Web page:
- Learning Area
Science teacher, Ann, talks about how teaching science has changed over the years and how she is working to create a scientifically literate society.
Ann’s love of teaching science as a subject was sparked after she was given the opportunity to cover a couple of senior Biology classes for a teacher on leave, and she’s been teaching science since 2015.
When asked why she decided to become a science teacher, Ann credited an enrichment program to ‘gifted and talented’ primary school students as her inspiration. She felt rewarded at seeing ‘students' faces light up with each new discovery they made’.
“Having a previous background in science I decided to switch over to high school science teaching,” Ann said. A journey that has put her at the forefront of the ebbs and flows of science as a subject.
“The challenges in teaching science are gradually shifting away from how to engage students towards trying to teach students to critique what they hear in the media and see on social media platforms,” Ann said.
“Students are swamped with misinformation daily and are navigating their way through an increasingly complex landscape. Our role as science teachers is becoming so much more critical in supporting the foundation of a scientifically literate society.”
As a science teacher, Ann is a great believer in the value of a science education, whether a student intends on pursuing science as a career or not. She has witnessed firsthand how it equips students with a lifelong capacity for critical thinking and reflection.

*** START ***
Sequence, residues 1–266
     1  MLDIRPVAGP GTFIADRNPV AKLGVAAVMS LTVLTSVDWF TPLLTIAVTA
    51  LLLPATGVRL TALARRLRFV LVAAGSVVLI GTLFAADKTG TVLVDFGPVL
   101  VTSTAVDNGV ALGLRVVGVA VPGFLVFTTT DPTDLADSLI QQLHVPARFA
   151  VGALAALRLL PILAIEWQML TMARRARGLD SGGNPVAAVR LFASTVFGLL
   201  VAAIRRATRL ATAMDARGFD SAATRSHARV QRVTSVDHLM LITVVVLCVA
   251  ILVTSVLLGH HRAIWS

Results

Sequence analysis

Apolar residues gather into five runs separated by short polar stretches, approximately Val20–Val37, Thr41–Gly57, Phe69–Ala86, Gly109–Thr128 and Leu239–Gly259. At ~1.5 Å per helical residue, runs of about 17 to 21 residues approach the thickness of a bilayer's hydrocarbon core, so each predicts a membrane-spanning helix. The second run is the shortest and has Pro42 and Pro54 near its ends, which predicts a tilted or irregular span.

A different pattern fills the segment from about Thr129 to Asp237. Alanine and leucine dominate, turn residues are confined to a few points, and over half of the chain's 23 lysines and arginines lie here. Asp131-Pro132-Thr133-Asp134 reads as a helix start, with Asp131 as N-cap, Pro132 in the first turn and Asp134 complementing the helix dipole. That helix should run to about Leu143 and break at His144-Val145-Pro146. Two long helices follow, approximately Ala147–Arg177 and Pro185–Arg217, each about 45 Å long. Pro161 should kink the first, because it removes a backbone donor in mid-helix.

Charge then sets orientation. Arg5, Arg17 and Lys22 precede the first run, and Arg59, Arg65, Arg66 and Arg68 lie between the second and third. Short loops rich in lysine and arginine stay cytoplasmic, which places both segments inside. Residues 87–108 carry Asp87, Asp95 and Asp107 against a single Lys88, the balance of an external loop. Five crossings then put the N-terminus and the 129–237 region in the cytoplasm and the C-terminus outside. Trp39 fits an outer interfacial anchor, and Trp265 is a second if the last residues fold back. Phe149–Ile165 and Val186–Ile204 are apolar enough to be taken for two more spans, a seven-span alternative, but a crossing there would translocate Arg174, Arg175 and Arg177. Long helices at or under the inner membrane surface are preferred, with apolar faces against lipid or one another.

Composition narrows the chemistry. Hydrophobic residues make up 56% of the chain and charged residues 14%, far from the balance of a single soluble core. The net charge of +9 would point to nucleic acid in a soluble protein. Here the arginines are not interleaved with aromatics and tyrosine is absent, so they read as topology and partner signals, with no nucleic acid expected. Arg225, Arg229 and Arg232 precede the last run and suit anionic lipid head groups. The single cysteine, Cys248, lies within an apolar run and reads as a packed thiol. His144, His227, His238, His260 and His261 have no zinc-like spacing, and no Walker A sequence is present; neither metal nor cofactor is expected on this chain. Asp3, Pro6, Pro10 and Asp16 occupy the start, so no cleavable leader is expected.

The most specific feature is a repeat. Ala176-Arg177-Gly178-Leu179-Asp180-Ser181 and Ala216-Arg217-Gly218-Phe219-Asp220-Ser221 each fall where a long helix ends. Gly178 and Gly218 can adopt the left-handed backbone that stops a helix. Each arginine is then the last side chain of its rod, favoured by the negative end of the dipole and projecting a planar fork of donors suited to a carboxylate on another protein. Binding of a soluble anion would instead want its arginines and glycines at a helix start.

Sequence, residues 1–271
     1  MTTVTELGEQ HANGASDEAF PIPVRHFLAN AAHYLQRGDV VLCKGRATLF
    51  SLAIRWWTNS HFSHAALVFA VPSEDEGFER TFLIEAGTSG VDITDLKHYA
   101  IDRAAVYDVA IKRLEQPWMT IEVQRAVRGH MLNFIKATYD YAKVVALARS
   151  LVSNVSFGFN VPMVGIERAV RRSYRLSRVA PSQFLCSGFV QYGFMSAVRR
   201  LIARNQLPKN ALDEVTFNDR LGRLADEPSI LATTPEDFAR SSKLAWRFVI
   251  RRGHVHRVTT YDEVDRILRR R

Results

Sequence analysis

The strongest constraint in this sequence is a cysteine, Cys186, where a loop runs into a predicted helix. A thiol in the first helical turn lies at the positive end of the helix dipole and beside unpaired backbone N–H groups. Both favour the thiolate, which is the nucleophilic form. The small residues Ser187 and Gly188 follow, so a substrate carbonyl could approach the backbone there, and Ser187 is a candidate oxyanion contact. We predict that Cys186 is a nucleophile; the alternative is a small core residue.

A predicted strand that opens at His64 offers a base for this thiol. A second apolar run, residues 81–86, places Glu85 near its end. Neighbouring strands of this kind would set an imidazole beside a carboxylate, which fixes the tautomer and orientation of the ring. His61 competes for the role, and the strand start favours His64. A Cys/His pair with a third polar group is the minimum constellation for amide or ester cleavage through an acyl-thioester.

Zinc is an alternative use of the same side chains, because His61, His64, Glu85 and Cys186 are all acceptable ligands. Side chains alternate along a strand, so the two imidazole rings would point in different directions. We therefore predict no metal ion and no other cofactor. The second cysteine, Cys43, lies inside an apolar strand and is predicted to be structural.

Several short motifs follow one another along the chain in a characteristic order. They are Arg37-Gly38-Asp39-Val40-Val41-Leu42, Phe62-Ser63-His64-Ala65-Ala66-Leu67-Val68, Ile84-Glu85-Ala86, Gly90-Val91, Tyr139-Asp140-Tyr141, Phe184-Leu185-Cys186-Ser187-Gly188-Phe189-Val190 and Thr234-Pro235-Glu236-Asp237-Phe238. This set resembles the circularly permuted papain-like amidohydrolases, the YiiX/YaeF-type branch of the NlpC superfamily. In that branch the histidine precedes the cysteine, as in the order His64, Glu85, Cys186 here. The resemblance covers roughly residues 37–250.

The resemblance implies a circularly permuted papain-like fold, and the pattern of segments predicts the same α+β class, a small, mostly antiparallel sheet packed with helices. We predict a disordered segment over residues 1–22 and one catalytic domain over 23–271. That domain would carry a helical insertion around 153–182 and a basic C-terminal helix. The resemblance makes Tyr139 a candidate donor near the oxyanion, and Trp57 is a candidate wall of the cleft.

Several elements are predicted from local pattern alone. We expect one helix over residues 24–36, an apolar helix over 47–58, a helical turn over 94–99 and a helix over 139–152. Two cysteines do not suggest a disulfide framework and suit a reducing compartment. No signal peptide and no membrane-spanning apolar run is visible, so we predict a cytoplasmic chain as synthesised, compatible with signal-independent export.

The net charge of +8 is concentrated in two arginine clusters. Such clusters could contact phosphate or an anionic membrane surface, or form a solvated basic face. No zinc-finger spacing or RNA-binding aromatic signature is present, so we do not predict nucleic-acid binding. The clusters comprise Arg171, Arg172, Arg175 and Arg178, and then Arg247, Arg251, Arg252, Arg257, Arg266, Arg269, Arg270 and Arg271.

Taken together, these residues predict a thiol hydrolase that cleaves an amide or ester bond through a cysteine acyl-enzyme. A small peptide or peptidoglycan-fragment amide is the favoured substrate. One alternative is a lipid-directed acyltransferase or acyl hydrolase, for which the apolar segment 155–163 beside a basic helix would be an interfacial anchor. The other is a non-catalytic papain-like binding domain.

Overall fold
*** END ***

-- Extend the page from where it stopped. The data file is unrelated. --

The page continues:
“Students who study science enter the world with higher order thinking skills, and the confidence to analyse situations and sources, ready to solve problems, no matter the context. These are valuable and highly transferable skills that go beyond science,” Ann said.
Ann believes that science as a subject is more important than ever before in our history given the current challenges facing the natural world. Stating that our latest and continuing challenges have all pushed science to the forefront.
“We need scientists addressing our pressing environmental challenges, the ongoing threats of various viruses and potential for new pandemics.
“Every person plays a role through the choices they make every day; a solid scientific grounding will equip us as citizens to face and overcome these challenges together,” Ann said.
Belying the outwardly appearing seriousness of science, is a fun subject for students to learn. Exciting science projects are not in short supply. With research projects such as 'Genius Hour' style activities, open-ended investigations, the new Depth Studies in the senior science subjects and the Science Extension course as a whole, provide students unparalleled opportunities to ask questions, make mistakes, hit dead ends and recover, and make their own choices about what to do next.
“Nothing beats the 'aha' moments for either the student making the discovery or their teacher enjoying the moment,” Ann said.
Menai High School has a strong science culture and a healthy cohort of students studying science subjects. The school supports the succession of science students by facilitating presentations by senior students to their younger peers to help them make informed choices, but the culture propels the subject choices.
“One thing I've loved seeing is the increasing uptake of physics by girls in particular. A few years ago, we would only have 1–2 girls in the class of 24 students, but this has steadily increased now to 10 girls in the current Year 11 class. It's wonderful to see that Physics is no longer viewed stereotypically as a male-dominated field,” Ann said.
“Our team at Menai is brilliant in engaging and exciting students about science and I think this is key. When students regularly line up at lunch or recess outside the staffroom to show a teacher the latest thing they've read or ask an out of course question, you've hit the jackpot with science teaching I think.”